B: I went to school for English and I went to law school after that and it didn’t prepare me to be a computer scientist. It didn’t prepare me to analyze the math and science behind patents. But some aspects of it helped. When I was an English student, we were studying literary criticism. We were deconstructing things people wrote, breaking them down into pieces, and looking at aspects of it. When I went to law school, we were briefing judicial units. We were breaking them down into what happened in the case, what were the facts of the case, how did the courts hold the rule of law, how did that change things. Here, we’re breaking webpages down into the same type of thing. We’re doing an analysis to figure out what works well and what doesn’t work well. When somebody writes a patent they do the same thing. Here’s the problem we intend to solve and here’s what existed previously as solutions to their problem and why they don’t work now. Here’s what we’re proposing as a new way to solve that problem and here’s the analysis for it. It’s not computer science in my mind. It’s a logical analysis of how to solve specific problems.
M: If you find that there’s a pattern that Google’s not implementing now, is there a chance they’ll probably use it or try to use it at some point?
B: They sometimes come up with things that maybe they won’t implement or maybe they will. A lot of times they come up with redundant approaches like here’s one way to do something interesting and then a year or so later there’s a different way.
M: That’s very interesting. It’d be cool if you can figure out retroactively which way they went with and why they didn’t go the other way.
Optimize It or Disavow It
M: If you could spend all of your time analyzing either Google’s patents or analyzing ranking patterns, ranking trends, algorithm updates, that sort of thing, which would you do?
B: I would definitely go with the patents. I learned so much from the assumptions they make about search, about searchers, and about search engines. With the studies, we often see large correlation sites on the web where the people creating those correlation studies get to the point where they’re saying, “Okay, correlation, infers causation.” They could try to identify the causation. It’s like saying that the sales of diapers increase with sales of beer at convenience stores. So they studied it and it appeared that young fathers who were going out tasked with buying diapers would reward themselves with buying beer.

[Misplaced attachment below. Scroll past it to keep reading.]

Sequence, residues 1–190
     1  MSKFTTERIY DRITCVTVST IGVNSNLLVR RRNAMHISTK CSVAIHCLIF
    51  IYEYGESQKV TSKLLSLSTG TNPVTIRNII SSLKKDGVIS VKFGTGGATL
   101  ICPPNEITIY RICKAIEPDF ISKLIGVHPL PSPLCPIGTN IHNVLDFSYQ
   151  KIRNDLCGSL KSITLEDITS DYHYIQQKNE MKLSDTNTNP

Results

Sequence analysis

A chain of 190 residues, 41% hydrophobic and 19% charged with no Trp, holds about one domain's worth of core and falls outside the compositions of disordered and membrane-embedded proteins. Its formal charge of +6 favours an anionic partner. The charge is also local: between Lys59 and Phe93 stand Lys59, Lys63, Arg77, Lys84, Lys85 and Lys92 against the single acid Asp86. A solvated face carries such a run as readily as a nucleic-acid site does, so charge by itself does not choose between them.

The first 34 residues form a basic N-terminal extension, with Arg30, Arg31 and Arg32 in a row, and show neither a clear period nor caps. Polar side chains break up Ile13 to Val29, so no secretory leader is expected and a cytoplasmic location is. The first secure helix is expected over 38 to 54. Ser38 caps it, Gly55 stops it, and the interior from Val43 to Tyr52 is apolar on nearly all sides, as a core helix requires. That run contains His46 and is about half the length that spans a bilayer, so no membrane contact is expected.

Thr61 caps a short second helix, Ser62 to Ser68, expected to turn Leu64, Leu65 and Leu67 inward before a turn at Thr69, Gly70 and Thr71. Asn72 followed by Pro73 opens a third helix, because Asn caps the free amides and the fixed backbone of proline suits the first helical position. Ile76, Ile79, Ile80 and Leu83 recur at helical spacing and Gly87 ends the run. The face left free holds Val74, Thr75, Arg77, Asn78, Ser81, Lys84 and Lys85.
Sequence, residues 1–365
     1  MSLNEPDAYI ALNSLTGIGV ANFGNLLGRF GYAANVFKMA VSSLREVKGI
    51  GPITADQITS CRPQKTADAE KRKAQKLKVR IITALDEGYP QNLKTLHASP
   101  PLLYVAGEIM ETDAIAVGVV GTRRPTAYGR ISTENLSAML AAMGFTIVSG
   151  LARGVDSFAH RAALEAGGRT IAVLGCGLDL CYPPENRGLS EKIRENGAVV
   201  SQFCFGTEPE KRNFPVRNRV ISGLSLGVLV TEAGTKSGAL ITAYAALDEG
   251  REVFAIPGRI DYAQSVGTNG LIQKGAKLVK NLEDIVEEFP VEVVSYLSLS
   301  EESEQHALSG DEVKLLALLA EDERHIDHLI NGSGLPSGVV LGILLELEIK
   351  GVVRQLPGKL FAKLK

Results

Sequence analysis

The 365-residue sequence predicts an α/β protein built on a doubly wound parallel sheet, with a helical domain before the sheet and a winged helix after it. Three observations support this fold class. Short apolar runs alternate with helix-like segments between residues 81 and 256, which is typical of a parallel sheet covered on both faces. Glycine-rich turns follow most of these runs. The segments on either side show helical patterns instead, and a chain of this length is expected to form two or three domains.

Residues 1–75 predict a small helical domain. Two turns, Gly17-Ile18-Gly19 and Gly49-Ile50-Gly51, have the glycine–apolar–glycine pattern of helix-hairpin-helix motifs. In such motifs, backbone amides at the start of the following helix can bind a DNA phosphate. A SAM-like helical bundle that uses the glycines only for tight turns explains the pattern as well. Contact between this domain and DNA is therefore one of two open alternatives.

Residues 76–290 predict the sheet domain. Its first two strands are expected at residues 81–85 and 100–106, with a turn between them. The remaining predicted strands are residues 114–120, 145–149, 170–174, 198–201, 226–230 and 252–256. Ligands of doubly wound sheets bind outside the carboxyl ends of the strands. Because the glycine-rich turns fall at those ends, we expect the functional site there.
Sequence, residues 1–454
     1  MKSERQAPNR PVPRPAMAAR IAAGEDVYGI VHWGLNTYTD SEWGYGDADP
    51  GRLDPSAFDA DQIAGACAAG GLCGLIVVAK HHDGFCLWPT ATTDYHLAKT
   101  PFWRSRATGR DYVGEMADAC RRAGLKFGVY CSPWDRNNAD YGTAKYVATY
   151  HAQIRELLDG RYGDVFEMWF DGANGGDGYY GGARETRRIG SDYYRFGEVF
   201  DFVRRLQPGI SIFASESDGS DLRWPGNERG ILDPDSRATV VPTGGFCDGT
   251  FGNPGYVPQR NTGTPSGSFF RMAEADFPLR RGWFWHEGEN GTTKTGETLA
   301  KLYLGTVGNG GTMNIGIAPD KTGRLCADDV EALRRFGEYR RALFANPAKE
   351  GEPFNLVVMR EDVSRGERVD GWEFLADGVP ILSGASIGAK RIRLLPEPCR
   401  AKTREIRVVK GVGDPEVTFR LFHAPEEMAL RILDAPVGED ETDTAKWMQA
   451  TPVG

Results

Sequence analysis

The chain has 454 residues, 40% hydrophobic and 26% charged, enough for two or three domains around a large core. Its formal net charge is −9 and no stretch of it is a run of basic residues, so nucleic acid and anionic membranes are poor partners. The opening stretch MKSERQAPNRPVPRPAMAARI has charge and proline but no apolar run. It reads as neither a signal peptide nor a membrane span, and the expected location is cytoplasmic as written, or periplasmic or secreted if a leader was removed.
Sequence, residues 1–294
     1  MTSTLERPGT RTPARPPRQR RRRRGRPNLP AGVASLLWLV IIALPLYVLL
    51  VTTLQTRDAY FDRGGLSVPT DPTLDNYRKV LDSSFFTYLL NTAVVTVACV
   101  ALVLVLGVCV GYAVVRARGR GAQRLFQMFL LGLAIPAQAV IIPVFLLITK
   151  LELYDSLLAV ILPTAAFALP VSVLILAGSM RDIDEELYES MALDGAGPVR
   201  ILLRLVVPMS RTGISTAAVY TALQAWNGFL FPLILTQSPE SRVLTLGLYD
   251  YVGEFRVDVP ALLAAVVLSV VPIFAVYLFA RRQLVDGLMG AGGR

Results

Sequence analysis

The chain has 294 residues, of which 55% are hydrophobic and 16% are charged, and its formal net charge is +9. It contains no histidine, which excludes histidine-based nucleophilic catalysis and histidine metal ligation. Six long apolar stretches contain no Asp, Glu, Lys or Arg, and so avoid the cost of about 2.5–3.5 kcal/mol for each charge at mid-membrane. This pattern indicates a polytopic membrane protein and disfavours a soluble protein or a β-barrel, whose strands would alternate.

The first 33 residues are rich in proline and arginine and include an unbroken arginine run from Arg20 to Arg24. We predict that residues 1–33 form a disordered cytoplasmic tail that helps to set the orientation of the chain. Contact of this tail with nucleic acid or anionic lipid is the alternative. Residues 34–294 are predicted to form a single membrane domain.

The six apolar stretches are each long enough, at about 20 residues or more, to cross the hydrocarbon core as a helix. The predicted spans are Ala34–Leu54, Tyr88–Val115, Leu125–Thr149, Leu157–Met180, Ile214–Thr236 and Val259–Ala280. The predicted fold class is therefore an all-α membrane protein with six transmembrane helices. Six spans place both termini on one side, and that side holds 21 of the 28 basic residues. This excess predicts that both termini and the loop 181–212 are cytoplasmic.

M: That’s great. That’s so good.
B: So there was definitely causation. So you find a correlation, find the causation. See how they’re related.
M: Thank you so much for coming on.
B: I enjoyed it. Thank you.
SEO News [00:51:12 – 00:56:58]
Page Experience Update will Measure Your AMP Page in 2021: Reminder, if you have an AMP page, Google will look at that page when the Page Experience Update hits in 2021!
Google is Testing Expandable Tabs Under Images: Google is testing using expandable tabs under images on the Image SERP. The tabs expand to show what is basically a Featured Snippet about the topic or entity shown in the image itself.
One Million Sites Using REL=Sponsored: Google says that a cool million sites are using the rel=sponsored link attribute.
Google to Ban Clickbait in July: Come July Google will ban the use of anything clickbait-y in ads.
New Updates to Google Merchant Center: Important updates to Google’s Merchant Center. Google has released new attributes that let you list product specifications, product highlights, etc. Also, come September, Google will require more specifications for certain products. For example, for clothes, you may have to list gender and size, etc. If not, the product won’t be listed.
Smart Display to Look at AMP: Google says it’s smart display devices will start looking at AMP pages for content.
Tune in next Tuesday for a new episode of The In Search SEO Podcast.